The recurring kind is the holy grail of revenue for many businesses. It is predictable, stable and can be counted on to continue in the future with a relatively high degree of certainty.
Recurring revenue is paying monthly for a company to monitor and provide preventative maintenance for your computers. A service is calling that company to fix your computers when they go down.
The old marketing adage was to give away the razor, but then sell razor blades to those same customers. Again, that is recurring revenue. Come to think of it, it may be old, but still works given the success of online razor companies like Dollar Shave Club and Harry’s.
Selling an ongoing monthly service (like IT maintenance) or making it your entire business model (like Dollar Shave Club or Netflix) can make sense. It guarantees a certain level of predictable income and can greatly improve your relationship with customers, if done with a service-oriented mindset.
Recurring revenue, for businesses that have implemented successful programs of value, is indeed the holy grail of small business income.
But for some, the holy grail can become the third rail, and when grabbed can give you a deadly shock. Not a literal electrical shock like the third rail in most subway systems, but an equally deadly shock to customer value should recurring revenue cause a decline in satisfaction.
Think about companies, like your cable company or internet service provider, that are notorious for only sending a bill. When all you see is the bill, or worse yet, your checking account debited, you begin to question the value of the service because the only time you hear from them is at billing. On the flip side, you only contact them when something is wrong with the service. They want money. You’re reporting a service problem. Communication is negative at best.
Recurring revenue is a great asset for business, and also a tremendous convenience for customers. However, without careful thought and action, this holy grail can become a third rail.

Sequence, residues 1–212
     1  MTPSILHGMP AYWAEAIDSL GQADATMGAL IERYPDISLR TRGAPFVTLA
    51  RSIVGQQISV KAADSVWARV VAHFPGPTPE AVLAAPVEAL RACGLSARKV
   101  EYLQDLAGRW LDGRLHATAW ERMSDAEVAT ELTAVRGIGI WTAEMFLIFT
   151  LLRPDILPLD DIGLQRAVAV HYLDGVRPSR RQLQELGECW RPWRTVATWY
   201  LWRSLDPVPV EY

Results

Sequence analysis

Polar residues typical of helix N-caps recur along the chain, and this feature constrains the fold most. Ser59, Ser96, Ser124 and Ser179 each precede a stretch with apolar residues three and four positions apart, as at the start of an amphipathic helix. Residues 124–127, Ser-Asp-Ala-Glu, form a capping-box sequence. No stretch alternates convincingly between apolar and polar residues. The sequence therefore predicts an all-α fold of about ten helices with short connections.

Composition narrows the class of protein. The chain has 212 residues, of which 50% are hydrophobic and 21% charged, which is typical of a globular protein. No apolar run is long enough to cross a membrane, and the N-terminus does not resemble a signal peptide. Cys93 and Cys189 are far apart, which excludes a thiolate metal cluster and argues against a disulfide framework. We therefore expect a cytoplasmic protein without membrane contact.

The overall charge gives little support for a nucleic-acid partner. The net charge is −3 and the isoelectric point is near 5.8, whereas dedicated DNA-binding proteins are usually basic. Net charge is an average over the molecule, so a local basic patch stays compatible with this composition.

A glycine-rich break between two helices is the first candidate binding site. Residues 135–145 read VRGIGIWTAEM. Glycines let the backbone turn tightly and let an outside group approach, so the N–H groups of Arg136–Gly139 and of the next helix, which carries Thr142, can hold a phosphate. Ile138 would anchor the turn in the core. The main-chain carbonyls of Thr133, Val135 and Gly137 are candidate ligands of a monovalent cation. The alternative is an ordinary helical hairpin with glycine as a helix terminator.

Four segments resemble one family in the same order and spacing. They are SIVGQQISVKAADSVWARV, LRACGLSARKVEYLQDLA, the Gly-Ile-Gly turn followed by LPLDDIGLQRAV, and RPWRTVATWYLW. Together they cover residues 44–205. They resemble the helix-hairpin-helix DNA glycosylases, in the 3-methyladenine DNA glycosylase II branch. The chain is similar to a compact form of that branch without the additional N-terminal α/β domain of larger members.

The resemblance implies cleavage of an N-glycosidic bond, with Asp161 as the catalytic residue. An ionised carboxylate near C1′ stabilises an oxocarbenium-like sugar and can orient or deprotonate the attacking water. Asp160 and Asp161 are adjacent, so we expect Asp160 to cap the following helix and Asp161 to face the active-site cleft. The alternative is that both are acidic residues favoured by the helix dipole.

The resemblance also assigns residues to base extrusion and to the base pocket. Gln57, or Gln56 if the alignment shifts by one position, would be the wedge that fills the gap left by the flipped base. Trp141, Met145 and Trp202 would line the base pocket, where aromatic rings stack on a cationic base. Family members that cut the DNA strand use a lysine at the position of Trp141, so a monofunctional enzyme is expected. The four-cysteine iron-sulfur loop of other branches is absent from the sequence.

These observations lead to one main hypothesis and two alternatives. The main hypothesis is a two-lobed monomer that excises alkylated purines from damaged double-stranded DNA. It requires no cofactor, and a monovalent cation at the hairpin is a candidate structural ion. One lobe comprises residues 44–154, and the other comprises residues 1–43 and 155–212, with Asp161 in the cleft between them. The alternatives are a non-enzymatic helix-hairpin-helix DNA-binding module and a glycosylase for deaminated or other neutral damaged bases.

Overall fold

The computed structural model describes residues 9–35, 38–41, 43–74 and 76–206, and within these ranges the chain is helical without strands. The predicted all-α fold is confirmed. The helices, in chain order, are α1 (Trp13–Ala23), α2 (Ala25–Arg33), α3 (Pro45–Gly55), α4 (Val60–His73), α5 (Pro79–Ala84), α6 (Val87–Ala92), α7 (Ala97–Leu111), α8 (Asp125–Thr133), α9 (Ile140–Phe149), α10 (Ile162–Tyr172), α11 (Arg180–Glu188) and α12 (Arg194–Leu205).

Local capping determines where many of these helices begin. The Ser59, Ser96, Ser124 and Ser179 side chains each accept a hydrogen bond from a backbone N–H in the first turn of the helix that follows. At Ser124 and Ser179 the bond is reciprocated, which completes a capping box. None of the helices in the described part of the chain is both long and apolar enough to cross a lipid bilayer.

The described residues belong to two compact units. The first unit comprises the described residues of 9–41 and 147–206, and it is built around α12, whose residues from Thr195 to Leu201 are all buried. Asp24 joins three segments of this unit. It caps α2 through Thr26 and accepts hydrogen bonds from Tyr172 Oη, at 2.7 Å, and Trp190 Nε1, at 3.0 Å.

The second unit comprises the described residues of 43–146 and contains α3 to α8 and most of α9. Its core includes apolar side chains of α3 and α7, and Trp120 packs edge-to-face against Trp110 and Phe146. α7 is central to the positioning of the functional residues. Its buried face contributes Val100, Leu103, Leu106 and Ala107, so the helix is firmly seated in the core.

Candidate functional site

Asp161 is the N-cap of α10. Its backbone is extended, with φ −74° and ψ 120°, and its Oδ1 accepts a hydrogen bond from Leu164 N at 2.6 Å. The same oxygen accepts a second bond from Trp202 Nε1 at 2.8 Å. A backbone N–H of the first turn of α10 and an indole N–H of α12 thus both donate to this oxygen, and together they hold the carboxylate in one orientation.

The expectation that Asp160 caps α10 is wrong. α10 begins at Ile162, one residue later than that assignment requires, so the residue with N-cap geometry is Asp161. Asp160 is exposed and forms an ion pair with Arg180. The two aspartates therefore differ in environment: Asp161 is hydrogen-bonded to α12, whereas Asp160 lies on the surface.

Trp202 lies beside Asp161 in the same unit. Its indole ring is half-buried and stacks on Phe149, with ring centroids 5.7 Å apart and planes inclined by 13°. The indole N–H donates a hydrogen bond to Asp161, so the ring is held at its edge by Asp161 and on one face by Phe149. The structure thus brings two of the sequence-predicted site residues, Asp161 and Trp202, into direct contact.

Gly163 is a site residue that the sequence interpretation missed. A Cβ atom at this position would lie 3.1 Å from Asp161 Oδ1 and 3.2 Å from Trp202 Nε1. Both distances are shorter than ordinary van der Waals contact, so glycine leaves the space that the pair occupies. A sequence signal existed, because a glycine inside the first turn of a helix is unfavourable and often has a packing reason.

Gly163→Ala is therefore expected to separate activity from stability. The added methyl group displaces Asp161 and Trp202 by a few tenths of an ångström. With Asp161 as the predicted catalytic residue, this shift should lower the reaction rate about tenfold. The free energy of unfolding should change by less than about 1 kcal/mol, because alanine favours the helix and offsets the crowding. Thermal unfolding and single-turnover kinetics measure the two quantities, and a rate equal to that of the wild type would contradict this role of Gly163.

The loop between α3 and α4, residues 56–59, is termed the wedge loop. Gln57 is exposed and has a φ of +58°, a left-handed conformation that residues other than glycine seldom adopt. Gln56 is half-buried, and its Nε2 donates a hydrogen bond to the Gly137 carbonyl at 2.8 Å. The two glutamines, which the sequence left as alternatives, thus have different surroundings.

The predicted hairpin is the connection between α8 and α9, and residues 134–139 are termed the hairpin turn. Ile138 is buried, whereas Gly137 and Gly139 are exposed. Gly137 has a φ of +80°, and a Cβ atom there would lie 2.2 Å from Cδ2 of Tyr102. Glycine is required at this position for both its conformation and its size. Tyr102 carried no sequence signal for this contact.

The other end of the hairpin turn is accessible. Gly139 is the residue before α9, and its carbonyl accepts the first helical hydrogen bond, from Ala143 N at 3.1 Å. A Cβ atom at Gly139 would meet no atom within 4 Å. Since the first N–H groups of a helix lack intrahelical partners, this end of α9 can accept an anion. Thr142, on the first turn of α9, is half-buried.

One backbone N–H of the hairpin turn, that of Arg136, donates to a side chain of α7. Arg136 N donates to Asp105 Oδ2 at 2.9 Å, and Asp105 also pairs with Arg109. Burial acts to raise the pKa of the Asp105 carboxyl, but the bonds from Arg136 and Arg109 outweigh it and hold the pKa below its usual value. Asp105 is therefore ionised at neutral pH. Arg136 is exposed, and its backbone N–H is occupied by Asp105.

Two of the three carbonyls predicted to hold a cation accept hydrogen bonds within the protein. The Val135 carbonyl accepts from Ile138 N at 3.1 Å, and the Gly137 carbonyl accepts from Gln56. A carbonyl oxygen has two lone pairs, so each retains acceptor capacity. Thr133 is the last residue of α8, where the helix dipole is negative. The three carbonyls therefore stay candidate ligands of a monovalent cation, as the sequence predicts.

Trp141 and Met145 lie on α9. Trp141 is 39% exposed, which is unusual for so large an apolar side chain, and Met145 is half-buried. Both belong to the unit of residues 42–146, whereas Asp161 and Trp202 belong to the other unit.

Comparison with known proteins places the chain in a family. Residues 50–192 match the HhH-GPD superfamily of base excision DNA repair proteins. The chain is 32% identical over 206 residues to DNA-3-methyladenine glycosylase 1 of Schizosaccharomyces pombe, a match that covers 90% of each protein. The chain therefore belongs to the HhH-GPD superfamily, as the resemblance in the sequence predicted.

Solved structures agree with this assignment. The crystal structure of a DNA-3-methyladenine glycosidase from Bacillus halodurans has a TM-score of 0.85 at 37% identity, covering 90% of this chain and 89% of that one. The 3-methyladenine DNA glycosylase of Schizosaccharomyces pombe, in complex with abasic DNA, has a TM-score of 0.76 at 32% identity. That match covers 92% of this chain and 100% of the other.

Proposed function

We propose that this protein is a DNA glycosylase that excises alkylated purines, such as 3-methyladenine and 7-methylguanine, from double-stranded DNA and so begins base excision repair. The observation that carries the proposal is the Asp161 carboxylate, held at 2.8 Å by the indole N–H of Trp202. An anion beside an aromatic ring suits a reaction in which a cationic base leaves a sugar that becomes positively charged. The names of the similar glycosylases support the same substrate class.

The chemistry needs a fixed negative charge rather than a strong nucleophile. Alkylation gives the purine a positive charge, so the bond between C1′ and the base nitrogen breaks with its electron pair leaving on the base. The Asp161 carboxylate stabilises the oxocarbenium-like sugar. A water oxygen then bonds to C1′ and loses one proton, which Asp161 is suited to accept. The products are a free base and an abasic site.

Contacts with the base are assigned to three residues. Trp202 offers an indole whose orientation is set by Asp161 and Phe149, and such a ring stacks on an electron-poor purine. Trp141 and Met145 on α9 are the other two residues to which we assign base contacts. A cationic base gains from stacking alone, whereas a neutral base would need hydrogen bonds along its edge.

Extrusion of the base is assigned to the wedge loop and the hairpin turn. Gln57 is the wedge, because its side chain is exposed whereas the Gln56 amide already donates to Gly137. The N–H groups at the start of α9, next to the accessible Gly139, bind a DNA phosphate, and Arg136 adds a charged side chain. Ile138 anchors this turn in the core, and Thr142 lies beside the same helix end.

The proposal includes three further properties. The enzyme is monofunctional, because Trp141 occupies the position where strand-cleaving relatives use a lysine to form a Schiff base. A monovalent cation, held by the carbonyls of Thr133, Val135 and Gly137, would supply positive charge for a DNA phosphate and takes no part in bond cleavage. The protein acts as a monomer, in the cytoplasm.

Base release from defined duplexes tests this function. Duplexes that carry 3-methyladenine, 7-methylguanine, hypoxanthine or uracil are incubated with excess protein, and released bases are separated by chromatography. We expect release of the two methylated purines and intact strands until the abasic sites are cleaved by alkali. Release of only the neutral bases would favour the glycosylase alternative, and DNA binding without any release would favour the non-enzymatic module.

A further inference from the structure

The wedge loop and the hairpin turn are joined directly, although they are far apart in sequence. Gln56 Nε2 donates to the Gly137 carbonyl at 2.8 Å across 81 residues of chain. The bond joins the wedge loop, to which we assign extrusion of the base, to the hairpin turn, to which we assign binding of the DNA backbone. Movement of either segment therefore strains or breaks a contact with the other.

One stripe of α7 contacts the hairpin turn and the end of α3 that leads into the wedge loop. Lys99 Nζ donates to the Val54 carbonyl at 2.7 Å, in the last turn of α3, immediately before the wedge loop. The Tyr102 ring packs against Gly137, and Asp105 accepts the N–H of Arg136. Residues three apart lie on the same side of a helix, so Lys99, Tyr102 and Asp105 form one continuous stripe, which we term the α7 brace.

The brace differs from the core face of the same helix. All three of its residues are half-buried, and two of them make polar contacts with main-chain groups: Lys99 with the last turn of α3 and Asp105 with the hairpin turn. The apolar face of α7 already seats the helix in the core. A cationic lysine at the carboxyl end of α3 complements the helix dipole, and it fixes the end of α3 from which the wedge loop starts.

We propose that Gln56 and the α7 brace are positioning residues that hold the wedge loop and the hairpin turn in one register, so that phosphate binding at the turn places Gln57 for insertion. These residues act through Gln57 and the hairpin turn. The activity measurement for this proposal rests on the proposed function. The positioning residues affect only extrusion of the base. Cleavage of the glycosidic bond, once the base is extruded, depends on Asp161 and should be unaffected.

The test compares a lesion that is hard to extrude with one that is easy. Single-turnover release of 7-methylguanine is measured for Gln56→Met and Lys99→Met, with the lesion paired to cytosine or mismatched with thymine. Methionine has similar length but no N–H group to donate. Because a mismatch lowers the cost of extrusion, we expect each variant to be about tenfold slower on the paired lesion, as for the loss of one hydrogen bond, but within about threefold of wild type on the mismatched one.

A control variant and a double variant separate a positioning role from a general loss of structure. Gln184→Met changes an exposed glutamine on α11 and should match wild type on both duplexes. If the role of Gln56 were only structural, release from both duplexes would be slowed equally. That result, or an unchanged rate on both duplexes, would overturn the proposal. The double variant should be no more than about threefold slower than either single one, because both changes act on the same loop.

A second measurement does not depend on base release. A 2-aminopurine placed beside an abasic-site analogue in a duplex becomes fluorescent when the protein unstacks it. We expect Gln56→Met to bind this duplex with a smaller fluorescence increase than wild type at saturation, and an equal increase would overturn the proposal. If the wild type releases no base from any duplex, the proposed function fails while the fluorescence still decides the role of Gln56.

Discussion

Companies can enhance the value of their recurring revenue models in some pretty quick and easy ways, such as:
- Sending an itemized bill or statement with detail. Customers like to know you are working hard on their behalf all month long
- Creating other communication channels with customers other than monthly bills. A printed or e-newsletter keeps customers connected with features and benefits of services.
- Providing periodic updates when unusual services are performed. Cable services down? Be proactive and let customers know you are working on it and when it will be fixed.
- Picking up the phone. Let customers know you are thinking of them and that everything is running fine, as expected.
- Inserting thank you notices and other updates in your bill. Have fun with them. Take a painful moment (a bill) and turn it into neutral or positive one. Make a customer smile.
- Not getting the bill wrong. When your services are on autopilot, the least you can do is get it right the first time.
- Creating interim reports for long-term projects billed monthly, especially on large projects. Never let a customer sit in the dark between invoices. When projects last months, status reports instill confidence.
This year, EAG Advertising & Marketing heeded our own advice. We began sending monthly status reports to clients whose websites we monitor and host. These reports detail uptime, downtime, backups and updates. Though we don’t actually provide the hosting service, we feel it important to show our clients the proactive nature of our website hosting service.
View a sample of EAG’s website status report.
Choose one or several of these ideas to keep your holy grail revenue recurring. This is how to add value to recurring revenue services that can quickly become a third rail of customer-perceived value.